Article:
I’m quite sure as the product of what will bethree historically black colleges and univerisities (HBCUs) that you all know where I stand on this matter. But the state of Georgia is in a bind like most other states as far as budgets are concerned. Many of these states, counties and cities are about one step away from cutting essential services such as police and fire, just like Gary, Indiana had to do earlier this year, most of which is due to this recession that we’ve found ourselves in due to trickle-down economics, the war in Iraq and generally a president who was just waiting for this day when he could buy his retirement house in Preston Hollow outside of Dallas and shuffle this mess onto the next one, even it would have been McCain.
Well, this is Georgia.
We all know just how Republican and conservative minded this state really is. Obama got creamed down here only getting 45% of the vote, and it was no shock that incumbent U.S. Senator Saxby Chambliss won the election by such a margin. But, we see how Georgians process things. Somehow they have imagined that the message of being a “firewall” against a Democratic Congress and Obama, and sticking to conservative values would fly in all these other states except the Deep South. Be that as it may, why would a representative of this state expect the fiscally responsible idea to merge Savannah State and possibly Albany State Universities with other traditionally white institutions. In fact schools that prohibited enrollment of students with my skin color whereas institutions such as Savannah State, Albany State never once prohibited white students from enrolling.
Just ask recent Morehouse College valedictorian class of 2008 Joshua Packwood.
Here’s and excerpt from the story:
The chairman of a key state Senate committee wants the University System to consider merging historically black public colleges with nearby white-majority schools to save money.
In making the suggestion Monday, Senate Higher Education Committee Chairman Seth Harp (R-Midland) immediately ran into opposition from supporters of the black schools who say they serve an important role as independent campuses.
I think it’s a bad idea,” said Sen. Vincent Fort (D-Atlanta), who has taught political science at two historically black private colleges, Morehouse and Morris Brown.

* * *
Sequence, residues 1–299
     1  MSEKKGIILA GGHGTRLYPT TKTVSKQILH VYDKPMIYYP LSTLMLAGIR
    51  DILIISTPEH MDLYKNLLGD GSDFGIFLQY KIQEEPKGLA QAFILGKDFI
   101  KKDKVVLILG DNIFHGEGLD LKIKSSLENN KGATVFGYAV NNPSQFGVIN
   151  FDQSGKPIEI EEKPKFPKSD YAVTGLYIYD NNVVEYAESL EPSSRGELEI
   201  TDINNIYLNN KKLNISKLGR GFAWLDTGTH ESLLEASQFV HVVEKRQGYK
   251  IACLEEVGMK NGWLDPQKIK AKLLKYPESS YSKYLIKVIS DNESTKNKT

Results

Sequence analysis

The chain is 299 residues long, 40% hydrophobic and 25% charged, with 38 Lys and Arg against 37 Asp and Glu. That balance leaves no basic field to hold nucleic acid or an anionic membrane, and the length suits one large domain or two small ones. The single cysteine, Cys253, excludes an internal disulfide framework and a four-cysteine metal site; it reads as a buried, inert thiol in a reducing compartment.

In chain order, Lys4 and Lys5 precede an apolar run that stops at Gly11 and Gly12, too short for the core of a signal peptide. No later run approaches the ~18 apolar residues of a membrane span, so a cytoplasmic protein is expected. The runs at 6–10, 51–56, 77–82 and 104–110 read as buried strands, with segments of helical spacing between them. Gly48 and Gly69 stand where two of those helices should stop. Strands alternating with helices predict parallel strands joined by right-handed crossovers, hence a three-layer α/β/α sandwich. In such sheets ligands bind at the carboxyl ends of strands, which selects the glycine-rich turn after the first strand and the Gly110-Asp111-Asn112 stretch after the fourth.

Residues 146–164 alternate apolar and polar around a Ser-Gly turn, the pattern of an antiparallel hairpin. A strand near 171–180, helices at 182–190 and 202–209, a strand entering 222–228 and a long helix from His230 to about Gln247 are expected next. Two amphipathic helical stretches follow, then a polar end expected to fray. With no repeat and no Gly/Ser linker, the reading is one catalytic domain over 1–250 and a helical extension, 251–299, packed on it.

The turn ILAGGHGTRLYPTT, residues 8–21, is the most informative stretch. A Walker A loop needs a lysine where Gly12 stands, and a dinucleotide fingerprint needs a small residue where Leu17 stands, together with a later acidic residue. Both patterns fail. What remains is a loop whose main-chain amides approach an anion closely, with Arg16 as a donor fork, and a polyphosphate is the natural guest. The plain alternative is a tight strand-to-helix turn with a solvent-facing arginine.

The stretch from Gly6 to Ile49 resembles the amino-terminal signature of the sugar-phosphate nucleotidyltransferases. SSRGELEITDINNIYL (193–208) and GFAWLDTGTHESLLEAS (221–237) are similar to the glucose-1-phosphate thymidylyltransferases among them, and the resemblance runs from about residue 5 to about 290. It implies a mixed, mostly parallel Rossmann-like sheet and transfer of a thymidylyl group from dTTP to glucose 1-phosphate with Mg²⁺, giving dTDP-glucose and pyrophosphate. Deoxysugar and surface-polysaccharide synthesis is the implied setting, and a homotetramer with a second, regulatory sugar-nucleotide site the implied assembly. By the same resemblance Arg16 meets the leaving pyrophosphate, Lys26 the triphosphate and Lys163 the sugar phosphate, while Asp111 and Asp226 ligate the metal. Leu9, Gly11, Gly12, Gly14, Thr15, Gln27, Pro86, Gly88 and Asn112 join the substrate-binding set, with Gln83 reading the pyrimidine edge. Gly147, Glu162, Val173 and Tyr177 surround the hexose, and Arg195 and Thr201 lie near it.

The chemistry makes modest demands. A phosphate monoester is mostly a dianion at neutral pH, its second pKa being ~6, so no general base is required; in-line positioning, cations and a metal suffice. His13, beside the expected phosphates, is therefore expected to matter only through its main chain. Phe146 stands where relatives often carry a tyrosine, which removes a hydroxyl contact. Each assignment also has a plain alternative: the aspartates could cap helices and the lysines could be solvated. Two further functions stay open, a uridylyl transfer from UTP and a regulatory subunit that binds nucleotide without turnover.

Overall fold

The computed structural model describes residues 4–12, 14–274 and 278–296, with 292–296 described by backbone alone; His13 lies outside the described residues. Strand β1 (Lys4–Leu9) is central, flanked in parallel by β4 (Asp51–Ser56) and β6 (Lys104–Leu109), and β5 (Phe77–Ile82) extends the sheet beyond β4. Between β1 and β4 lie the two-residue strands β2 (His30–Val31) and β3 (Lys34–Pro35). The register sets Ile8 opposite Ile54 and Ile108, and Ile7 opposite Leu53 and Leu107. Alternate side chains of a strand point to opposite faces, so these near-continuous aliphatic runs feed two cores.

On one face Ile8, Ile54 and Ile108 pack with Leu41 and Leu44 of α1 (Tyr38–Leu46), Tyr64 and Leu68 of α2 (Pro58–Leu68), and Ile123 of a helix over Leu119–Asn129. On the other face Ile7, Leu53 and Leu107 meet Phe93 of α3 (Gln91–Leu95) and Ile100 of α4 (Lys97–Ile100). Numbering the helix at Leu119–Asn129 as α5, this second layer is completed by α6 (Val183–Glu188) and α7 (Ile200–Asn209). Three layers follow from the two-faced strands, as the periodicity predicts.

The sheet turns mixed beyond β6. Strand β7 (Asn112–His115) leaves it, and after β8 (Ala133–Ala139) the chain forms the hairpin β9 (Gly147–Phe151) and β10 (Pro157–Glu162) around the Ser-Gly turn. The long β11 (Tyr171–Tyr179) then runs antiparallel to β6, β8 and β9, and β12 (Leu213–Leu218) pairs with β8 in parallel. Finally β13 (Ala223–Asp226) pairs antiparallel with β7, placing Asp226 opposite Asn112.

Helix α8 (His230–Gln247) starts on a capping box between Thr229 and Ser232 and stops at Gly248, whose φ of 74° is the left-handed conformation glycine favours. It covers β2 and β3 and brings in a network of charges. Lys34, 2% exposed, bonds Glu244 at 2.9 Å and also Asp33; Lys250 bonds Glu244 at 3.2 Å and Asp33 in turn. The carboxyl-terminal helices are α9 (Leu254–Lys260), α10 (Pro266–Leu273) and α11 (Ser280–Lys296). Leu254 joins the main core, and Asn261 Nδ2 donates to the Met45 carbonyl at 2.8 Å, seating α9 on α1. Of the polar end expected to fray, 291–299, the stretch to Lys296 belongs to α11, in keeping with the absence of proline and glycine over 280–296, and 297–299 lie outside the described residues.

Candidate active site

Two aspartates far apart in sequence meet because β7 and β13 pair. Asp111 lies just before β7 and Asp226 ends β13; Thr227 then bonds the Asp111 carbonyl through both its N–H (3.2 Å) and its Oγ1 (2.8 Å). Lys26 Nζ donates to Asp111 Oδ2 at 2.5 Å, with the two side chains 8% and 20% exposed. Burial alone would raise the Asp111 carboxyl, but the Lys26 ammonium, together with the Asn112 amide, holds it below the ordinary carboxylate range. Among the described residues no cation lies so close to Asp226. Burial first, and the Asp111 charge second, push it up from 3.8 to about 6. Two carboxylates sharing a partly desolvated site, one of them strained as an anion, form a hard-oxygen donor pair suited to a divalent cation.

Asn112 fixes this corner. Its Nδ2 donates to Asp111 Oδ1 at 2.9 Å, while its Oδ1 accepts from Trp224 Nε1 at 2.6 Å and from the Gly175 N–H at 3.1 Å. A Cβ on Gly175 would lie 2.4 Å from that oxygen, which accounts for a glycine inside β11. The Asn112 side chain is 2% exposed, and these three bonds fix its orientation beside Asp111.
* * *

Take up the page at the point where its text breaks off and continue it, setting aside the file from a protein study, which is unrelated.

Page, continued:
But Harp said the University System, which has 35 public schools and a $2.3 billion state budget this year, will have to make some hard choices to come up with budget cuts that could top $200 million.
And he said in two cities, Savannah and Albany, white- and black-majority schools are part of the legacy of segregation.
“The white schools were begun as segregation schools. It’s time Georgia closed that ugly chapter,” Harp said during a hearing on the University System’s budget Monday.
Harp suggested the system consider merging two Savannah schools — historically black Savannah State University and historically white-majority Armstrong Atlantic State University. And he said the system should look into merging another historically black college, Albany State, and white-majority two-year Darton College in Albany.
Consolidating the schools would reduce administrative costs and potentially cut duplication of similar academic programs.
System Chancellor Erroll Davis said the decision won’t be based solely on financial considerations.
“You can make obvious arguments about the economics of it, but I don’t think economics will drive the decision,” Davis said. “It’s going to be a political decision, not an economic decision.”
You can read the rest if you click here.
The story goes on to express sentiment against it. Honestly as an accounting major in undergrad (yeah, whoda thunk it) it makes fiscal sense to do so. I wouldn’t have any problem with it. Although, it begs the question of the historicity of the schools and what retentions would remain if the schools were merged. As an accounting major we had to take micro and macro economics. Our macroeconomics taught us about something I had always heard growing up, but never put quite so succinctly: opportunity costs is when you give up something in order to gain something else. The question really is how bad do you want it?
The HBCU is a lived experience. It’s just like being black, you don’t know about it until you’ve lived it. You don’t know about the crappy freshman dorm rooms, or the lunch ladies who always speak to you and tell you to keep on keepin’ on and make sure you have an extra scoop of rice with your plate, or the fact that people like you from your same background are accomplished professors who know you by name and have a vested intrest in seeing you suceed or the professor who invites you to their church or home with them for Thanksgiving because you’re far away from home.
I’m sure I could go on and others could add their own HBCU experience, but it’s something many of us would fight tooth and nail for and would give up our lives to see preserved in its truest form at any cost. I guess that’s because many of us already have.
Do you think HBCUs are relevant in the 21st century? Why or why not? Is is true that what HBCUs have as far as education is concerned that they lack in administration? Come on share your best and worst moment of attending and HBCU for undergrad!!!
Keep it uppity and keep it truthfully radical, JLL